Climate policies: a burden or a gain?
AbstractThat climate policies are costly is evident and therefore often creates major fears. But the alernative (no action) also has a cost. Mitigation costs and damages incurred depend on what the climate policies are, and in addition, they are substitutes. This brings climate policies naturally in the realm of benefit-cost analysis. In this paper we illustrate the "direct" cost components of various policies, and then confront them with the benefits generated, that is, the damage cost avoided. However, the sheer benefit-cost criterion is not a sufficient incentive to induce cooperation among countries, a necessary condition for an effective global climate policy. Thus, we also explore how to make use of this criterion in the context of international climate cooperation.
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Bibliographic InfoPaper provided by Université catholique de Louvain, Center for Operations Research and Econometrics (CORE) in its series CORE Discussion Papers with number 2013002.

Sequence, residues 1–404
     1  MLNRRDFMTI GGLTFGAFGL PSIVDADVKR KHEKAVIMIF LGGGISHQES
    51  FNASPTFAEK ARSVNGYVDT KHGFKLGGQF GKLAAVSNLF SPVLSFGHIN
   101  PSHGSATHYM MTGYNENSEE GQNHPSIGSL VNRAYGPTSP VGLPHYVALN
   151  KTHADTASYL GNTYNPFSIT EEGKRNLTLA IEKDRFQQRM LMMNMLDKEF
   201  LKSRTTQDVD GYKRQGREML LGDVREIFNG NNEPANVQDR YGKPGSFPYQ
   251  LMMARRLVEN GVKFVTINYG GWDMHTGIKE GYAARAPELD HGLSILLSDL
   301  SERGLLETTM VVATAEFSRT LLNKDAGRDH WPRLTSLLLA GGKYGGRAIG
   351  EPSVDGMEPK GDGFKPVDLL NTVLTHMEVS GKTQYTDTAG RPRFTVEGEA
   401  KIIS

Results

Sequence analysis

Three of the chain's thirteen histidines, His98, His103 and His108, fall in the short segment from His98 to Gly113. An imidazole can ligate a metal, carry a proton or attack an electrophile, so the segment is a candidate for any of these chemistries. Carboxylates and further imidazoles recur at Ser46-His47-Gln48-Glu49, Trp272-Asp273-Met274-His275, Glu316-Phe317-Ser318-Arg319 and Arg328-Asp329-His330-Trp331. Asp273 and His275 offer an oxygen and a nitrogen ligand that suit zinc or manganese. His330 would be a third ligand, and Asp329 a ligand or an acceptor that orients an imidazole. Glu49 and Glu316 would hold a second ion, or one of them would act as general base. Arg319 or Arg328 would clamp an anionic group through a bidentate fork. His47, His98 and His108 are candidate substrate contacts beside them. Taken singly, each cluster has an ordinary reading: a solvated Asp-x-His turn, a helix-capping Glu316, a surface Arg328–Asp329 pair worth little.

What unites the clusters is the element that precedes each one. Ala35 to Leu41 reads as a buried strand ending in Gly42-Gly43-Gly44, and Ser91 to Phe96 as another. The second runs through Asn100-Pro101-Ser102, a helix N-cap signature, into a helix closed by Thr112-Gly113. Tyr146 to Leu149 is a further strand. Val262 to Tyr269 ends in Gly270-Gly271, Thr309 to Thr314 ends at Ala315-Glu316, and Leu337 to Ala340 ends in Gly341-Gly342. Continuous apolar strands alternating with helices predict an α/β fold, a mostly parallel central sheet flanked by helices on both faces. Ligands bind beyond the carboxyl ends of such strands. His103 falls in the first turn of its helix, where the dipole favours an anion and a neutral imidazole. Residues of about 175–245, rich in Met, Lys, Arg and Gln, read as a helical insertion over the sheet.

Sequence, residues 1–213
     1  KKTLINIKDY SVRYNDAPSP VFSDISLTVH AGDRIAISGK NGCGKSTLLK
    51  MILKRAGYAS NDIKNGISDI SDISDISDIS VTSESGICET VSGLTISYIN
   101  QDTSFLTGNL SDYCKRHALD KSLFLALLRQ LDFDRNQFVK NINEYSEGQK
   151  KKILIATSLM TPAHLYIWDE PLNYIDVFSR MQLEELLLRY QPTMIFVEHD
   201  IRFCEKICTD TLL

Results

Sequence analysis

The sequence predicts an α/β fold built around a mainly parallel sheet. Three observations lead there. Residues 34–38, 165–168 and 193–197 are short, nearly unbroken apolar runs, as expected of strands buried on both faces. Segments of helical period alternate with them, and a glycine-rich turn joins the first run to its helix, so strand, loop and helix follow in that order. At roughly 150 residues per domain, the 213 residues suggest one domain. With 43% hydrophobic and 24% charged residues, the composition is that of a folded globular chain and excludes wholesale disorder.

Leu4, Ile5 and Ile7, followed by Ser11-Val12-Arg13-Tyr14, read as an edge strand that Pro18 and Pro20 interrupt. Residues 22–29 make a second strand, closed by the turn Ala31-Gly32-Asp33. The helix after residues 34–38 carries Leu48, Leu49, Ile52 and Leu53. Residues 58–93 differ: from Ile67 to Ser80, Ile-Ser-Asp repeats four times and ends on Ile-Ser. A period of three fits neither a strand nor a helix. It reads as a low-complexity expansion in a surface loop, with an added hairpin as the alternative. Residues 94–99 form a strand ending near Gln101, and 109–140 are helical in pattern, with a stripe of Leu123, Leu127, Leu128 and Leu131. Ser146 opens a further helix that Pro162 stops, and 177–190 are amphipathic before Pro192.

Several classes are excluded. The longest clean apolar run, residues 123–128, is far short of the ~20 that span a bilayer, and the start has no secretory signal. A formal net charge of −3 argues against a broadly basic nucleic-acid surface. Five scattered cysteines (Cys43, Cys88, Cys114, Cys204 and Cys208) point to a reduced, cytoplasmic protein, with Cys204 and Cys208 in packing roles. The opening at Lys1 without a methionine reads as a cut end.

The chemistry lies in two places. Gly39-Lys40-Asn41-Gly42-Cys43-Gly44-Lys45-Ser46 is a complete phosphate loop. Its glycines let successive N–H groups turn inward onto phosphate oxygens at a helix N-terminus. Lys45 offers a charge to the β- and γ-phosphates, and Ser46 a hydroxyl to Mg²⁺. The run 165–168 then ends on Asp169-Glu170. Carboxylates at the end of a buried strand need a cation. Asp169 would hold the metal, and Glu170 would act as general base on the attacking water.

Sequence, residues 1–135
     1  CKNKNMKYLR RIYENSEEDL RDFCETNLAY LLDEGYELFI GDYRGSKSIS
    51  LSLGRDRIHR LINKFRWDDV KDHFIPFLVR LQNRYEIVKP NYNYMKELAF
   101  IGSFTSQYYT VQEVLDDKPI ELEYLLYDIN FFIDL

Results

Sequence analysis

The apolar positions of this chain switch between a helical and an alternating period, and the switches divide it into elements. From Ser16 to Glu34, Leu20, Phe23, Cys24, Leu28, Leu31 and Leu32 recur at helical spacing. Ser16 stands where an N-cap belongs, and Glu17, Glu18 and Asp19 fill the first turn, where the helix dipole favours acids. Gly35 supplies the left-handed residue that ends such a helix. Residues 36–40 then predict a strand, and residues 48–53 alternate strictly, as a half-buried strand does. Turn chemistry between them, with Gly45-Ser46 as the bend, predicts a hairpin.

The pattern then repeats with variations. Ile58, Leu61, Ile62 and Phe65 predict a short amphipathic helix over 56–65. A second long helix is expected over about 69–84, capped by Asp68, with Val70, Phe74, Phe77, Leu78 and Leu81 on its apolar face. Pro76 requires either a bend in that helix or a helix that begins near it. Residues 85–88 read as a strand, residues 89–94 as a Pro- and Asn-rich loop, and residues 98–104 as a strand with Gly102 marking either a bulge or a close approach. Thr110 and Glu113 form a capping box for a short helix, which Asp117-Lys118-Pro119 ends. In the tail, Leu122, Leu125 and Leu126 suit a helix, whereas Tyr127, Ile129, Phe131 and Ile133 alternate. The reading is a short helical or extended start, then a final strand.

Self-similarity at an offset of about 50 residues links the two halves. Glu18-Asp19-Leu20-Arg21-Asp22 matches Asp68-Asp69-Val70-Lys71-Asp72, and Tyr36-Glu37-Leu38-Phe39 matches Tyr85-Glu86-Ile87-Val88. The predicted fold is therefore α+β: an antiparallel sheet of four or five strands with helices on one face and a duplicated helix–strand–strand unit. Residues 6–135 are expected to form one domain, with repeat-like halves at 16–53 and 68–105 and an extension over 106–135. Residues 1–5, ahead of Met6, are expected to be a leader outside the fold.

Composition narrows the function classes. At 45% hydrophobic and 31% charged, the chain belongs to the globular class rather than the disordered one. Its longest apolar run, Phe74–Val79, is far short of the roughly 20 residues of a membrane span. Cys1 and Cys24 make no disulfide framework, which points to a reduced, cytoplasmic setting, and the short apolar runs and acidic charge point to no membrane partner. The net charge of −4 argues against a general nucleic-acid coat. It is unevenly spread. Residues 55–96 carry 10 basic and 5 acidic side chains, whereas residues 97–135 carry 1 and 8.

Date of creation: 22 Feb 2013
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climate policy; integrated assessment; cost-benefit analysis; climate coalitions;
Find related papers by JEL classification:
- Q2 - Agricultural and Natural Resource Economics; Environmental and Ecological Economics - - Renewable Resources and Conservation
- D9 - Microeconomics - - Intertemporal Choice and Growth
This paper has been announced in the following NEP Reports:
- NEP-AGR-2013-06-04 (Agricultural Economics)
- NEP-ALL-2013-06-04 (All new papers)
- NEP-ENE-2013-06-04 (Energy Economics)
- NEP-ENV-2013-06-04 (Environmental Economics)
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